As for the feeding, George would never latch on so I couldn't breastfeed - but I did express for 8 weeks (then went on to SMA) and bottle fed him. Also, whenever we tried to feed him while holding him (in a sort of cuddle!), he would just nod off - so we started lying him on one of those semi-circular cushions facing us - so no contact as such, but we never looked back - and he was wolfing 7oz bottles by the time we started weaning him at 20 weeks. Once he started on 'proper' food, he very quickly dropped all bottles except the morning and night one, and was on 3 meals a day. He did suffer quite badly from reflux until he was 18 months old, and even now has the occasional 'spit' - although he cleans it up himself image)That was because of the poor muscle tone, and the muscle that keeps food down simply took a while to strengthen and be able to cope with what he was eating.

    He has been fine in terms of learning how to use a cup and eats very confidently with a fork and spoon, as per any child his age. He does have problems with some textures (e.g. bread) - this is because of a sensitivity to certain textures, and also the fact that they tend to have a smaller mouth cavity than other children - and so their tongue can sometimes get in the way. He has taught himself how to overcome this though, bless him, especially where biscuits/cakes are involved!!!!!!!!

    You will probably find that Freya is very stubborn - this is a well know trait with people with DS - and that will possibly make eating an issue at some point! We have certainly had this with George. However, we have been advised - and have indeed found - that this behaviour should be dealt with in the same way, as with any other child... and whatever way you tackle it, you have to be as consistent as you would with anyone else. They soon learn - these children are a LOT brighter than historical stereotypes would have you believe!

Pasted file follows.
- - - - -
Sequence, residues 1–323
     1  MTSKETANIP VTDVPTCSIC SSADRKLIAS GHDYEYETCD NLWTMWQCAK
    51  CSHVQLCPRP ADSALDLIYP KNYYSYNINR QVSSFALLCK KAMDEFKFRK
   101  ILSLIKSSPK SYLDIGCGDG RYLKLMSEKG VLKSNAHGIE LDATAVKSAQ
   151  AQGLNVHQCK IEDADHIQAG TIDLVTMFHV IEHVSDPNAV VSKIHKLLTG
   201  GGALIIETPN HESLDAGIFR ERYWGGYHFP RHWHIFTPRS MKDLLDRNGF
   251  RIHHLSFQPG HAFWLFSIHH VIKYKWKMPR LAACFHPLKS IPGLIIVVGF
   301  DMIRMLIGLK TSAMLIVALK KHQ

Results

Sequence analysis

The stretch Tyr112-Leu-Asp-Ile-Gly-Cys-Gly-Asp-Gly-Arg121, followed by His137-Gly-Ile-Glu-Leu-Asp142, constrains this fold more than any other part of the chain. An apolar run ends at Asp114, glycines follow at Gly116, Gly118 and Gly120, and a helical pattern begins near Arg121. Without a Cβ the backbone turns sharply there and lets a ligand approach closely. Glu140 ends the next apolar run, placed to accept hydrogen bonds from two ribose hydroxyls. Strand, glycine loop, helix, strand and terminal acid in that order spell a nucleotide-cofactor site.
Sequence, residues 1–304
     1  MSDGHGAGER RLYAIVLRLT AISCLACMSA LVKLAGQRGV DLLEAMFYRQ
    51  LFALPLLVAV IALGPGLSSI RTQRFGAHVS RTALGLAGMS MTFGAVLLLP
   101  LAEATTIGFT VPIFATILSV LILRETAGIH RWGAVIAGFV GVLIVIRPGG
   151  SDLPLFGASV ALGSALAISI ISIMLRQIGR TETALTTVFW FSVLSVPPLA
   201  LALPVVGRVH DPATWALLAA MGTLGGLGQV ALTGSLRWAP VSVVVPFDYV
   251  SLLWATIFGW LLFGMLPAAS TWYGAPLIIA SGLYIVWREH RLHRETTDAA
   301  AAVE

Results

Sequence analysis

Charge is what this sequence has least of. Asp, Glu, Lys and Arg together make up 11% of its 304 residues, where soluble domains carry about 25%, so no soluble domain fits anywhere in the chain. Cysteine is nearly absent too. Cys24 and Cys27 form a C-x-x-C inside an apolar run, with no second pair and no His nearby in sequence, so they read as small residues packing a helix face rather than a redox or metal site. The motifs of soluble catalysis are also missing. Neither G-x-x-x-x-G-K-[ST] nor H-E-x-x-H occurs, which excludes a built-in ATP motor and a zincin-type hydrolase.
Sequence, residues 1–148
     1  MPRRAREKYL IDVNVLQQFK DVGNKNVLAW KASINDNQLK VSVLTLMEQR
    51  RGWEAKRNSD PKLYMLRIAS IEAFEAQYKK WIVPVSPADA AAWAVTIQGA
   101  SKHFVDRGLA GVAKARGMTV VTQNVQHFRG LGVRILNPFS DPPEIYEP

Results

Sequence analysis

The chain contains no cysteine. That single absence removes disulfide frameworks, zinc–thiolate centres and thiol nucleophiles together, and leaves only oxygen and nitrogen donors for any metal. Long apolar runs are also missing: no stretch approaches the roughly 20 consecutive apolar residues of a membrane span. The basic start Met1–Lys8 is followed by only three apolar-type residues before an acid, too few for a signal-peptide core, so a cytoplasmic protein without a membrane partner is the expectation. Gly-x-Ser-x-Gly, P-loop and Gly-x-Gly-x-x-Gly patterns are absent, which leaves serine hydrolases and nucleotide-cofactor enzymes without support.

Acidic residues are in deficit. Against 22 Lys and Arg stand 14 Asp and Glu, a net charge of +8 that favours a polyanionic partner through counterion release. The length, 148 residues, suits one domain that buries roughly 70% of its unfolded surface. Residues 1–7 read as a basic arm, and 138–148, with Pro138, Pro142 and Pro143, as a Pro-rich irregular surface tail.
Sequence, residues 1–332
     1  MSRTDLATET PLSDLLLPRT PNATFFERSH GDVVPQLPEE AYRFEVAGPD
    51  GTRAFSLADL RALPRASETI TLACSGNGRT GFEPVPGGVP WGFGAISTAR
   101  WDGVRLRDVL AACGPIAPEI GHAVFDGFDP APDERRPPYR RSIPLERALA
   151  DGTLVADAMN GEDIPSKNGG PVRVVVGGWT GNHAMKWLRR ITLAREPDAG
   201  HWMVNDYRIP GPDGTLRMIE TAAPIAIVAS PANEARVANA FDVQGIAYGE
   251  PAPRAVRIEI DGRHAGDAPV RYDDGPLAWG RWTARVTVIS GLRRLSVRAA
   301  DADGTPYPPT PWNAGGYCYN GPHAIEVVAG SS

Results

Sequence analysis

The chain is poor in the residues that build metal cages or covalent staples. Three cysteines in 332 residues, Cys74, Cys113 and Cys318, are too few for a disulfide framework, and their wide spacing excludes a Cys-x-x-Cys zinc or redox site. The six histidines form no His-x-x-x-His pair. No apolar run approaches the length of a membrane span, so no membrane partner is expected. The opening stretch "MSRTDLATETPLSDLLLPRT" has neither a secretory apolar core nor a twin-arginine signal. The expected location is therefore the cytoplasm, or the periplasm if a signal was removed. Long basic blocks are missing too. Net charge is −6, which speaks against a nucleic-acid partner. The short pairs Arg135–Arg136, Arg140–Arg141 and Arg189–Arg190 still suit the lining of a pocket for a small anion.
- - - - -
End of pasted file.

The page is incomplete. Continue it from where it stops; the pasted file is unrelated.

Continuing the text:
And to echo BeauB (hello to you too - don't think we've chatted before!) we are here if you want us - we live in Gloucestershire, so don't know if you are anywhere nearby!

    Sarah x
  • Hi ladies

    I've been feeling much more positive that last few days.

    Freya is on a high calorie milk and in the last few days has been taking 70ml every 4hrs, without much mess, so very pleased with her feeding. She even took 100ml in one feed yesterday which amazed me. I still need to wake her but when I do she is usually happy to take her feeds now which is an improvement.

    Unfortunately, I do think she has started with reflux. She keeps screaming in pain arching her back and throwing her head back. Sometimes she is sick (through mouth and nose) but not always. I've got an appointment with the heart specialist next week so may mention it then. My concern is that if they prescribe a milk thickener, if she will have the energy to suck it through the teet.

    I live in Yorkshire.
  • Hi BeauB

    Freya will also be having her op in Leeds. Not sure when it is but when they did the scan they said about 3mths.
  • Hello

    Sorry to but in - I have no experience of Downs Syndrome but I am a mummy of a heart child so I may be able to help there! I also visit a forum which is a charity with a forum/message board set up to support families of children with heart conditions and there is loads of lovely ladies over there who will be able to offer support and advice too. Many who will have experience of the same condition (there is actually a list of members/conditions so you can get in touch with people). xx